Shabtis and Ancient Egypt
2181 BC
30 BC
Death and the obsessive preoccupation with life thereafter provided Egypt with one of its greatest industries. The manufacture of funerary statuettes was a small but nonetheless essential part of it. They are usually small mummy-shaped figures with the more important ones invariably inscribed with the titles and names, sometimes including the parentage, of the persons who had them made as part of his or her funerary equipment.

The statuettes vary in height from just a few centimetres to larger statuettes nearly 60 cm. tall but the majority are between 10 and 20 cm. They were called shabtis, shawabtis or ushebtis, depending on when they were made. However, for simplicity’s sake they are more generally known as shabtis.

Their use and production had a very long time-span of around 2000 years; they probably evolved from miniature figures placed in coffins in the First Intermediate Period (2181-2040 BC), and continued in use until the end of the Ptolemaic Period (332-30 BC). Because of the sheer number produced during those years they are among the most numerous of Egyptian antiquities. Every museum with an Egyptian collection has shabtis both on display as well as in reserve collections too. Cairo Museum has in excess of 40,000 shabtis.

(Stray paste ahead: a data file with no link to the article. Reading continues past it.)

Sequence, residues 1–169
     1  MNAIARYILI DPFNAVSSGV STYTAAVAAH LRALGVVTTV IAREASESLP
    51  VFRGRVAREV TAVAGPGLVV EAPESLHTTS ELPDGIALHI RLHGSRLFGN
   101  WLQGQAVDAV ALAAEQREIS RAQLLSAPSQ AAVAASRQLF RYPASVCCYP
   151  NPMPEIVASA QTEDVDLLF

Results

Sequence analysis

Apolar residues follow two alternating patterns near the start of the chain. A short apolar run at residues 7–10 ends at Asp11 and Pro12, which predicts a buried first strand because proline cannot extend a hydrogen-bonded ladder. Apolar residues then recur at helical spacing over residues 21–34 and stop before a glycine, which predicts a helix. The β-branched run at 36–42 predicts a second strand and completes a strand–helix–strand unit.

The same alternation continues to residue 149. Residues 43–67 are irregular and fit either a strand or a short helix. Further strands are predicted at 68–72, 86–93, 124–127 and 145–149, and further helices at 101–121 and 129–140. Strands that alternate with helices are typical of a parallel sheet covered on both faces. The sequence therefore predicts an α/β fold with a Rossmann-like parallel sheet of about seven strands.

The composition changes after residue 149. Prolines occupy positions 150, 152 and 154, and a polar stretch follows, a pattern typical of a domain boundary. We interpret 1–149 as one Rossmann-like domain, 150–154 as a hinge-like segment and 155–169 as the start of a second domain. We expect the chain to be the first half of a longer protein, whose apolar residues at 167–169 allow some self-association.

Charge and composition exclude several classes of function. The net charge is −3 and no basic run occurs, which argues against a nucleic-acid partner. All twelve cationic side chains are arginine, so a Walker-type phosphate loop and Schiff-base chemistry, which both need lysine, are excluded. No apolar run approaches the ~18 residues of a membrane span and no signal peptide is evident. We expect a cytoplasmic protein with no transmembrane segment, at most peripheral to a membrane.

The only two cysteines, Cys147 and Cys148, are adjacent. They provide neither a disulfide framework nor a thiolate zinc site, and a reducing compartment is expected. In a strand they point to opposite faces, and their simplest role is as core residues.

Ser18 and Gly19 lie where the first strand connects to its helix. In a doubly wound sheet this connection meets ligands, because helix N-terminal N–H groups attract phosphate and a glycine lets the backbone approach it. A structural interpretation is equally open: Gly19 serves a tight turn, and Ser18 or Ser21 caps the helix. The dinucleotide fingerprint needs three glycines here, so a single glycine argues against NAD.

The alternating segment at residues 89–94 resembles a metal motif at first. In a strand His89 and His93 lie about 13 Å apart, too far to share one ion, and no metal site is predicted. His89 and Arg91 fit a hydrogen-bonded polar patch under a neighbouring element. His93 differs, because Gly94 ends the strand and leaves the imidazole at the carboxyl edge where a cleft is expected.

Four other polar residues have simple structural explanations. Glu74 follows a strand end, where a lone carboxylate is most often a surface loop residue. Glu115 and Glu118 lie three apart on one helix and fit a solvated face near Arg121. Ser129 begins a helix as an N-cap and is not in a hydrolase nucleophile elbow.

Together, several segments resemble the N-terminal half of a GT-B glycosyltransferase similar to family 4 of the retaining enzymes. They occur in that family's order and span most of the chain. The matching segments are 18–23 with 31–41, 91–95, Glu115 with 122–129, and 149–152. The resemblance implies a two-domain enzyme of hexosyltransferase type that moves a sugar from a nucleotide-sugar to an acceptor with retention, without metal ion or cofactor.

Shabtis were made of stone (limestone, sandstone, schist, alabaster, serpentine, granite, greywacke and steatite), glass, bronze, wood (tamarisk, sycamore, acacia, ebony and perhaps persea), pottery (including sun-baked clay), wax, and most commonly faience. Glass and wax shabtis are extremely rare, with only a handful of examples known. Bronze is also uncommon. Shabtis are generally considered to have been made in workshops attached to temples and palaces although there may well have been private workshops too. Important private persons, both male and female, as well as royalty, included shabtis among their burial equipment.